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Apple is in talks with content owners to license music to be used in a custom radio service similar to Pandora, according to Wall Street Journal sources.
People familiar with Apple's plans said the purported internet-based service will focus on virtual stations to play music on a web browser or dedicated apps, though Android is reportedly not getting access. Advertisements from Apple's iAd platform are expected to be incorporated into the service in exchange for free user access.
Customizable internet radio stations are nothing new, as current offerings from Pandora, Spotify, Rdio and others have been active for years, both as internet clients and as apps. Apple too has previously been rumored to have exhibited interest in such a service given its already substantial presence in digital music distribution, though the whispers never panned out.
Perhaps most significant are the types of licenses Apple is reportedly going after. Sources said the company is looking to hammer out deals which would allow users to skip songs and eliminate other common restrictions on internet radio services. If such a feature were to be implemented, the alleged service would have a leg up on rivals that charge users a subscription fee in return for unlimited skips.
One source said Apple considered competing in the internet radio market in the past as a way to help users discover new music, but ultimately scrapped the plans due to high licensing costs. The company instead turned its attention to the Genius recommendation system, which offers song suggestions based on customer purchases.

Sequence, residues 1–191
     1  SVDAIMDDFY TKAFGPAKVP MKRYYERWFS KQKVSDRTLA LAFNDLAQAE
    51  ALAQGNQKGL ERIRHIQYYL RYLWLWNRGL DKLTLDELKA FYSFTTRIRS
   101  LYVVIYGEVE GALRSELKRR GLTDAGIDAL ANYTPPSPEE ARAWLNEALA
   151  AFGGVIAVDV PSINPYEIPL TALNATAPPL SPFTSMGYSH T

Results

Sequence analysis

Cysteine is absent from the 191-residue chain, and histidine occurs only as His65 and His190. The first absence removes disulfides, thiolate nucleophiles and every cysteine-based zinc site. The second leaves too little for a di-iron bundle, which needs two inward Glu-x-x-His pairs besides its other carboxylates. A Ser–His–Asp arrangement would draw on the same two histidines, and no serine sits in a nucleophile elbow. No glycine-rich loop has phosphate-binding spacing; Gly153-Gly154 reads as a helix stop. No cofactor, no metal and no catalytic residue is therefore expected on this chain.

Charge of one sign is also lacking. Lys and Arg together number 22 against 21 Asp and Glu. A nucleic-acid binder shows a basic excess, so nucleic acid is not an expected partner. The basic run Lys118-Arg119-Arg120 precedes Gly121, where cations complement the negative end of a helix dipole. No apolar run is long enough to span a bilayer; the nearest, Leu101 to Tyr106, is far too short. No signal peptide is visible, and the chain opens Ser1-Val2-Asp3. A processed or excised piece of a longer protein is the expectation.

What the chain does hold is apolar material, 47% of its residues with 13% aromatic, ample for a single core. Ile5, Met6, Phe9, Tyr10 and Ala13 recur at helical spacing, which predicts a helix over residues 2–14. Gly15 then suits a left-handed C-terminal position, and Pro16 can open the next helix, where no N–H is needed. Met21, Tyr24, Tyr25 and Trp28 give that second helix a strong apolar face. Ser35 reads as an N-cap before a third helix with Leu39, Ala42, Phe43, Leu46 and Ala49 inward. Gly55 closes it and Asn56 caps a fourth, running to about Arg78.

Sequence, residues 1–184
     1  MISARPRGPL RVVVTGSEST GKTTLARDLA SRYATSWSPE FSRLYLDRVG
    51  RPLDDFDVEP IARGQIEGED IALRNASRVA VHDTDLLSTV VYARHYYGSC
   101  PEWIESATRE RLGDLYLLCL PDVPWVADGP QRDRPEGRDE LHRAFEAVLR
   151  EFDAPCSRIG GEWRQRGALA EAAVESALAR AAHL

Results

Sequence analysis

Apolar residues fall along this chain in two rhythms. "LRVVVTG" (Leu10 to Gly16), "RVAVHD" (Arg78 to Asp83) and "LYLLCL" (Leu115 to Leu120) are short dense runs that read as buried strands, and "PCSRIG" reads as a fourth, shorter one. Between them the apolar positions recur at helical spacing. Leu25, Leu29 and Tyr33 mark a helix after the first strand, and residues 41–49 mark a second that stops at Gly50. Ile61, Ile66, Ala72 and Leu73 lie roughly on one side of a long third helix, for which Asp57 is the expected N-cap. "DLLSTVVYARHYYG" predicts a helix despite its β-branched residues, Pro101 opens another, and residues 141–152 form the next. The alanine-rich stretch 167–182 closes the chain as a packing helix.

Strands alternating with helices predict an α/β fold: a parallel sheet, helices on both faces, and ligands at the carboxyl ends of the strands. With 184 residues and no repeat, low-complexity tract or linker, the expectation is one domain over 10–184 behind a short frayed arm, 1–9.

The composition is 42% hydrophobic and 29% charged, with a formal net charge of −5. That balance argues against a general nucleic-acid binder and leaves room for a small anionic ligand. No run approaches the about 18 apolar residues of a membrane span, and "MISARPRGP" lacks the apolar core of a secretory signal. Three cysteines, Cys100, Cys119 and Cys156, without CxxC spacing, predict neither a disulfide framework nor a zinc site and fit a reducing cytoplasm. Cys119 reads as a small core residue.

The sources claimed Apple's most recent discussions appear to be the most earnest attempt yet to get such a program off the ground, but note talks have only just begun and are unlikely to bear fruit for months, if at all.
Apple currently offers FM radio on its iPod nano products, while other iDevices like the iPhone can run apps that provide "internet radio channels," or customized music streams based on user-defined preferences. For example, Pandora relies on a "thumbs up" and "thumbs down" method to calculate a user's tastes, referencing likes and dislikes with the so-called "Music Genome Project," a system of assigning songs attributes to give them a "musical identity."
It is unclear what algorithm Apple intends to use in customizing users' stations, though it is likely that the company will leverage assets from the aforementioned Genius service.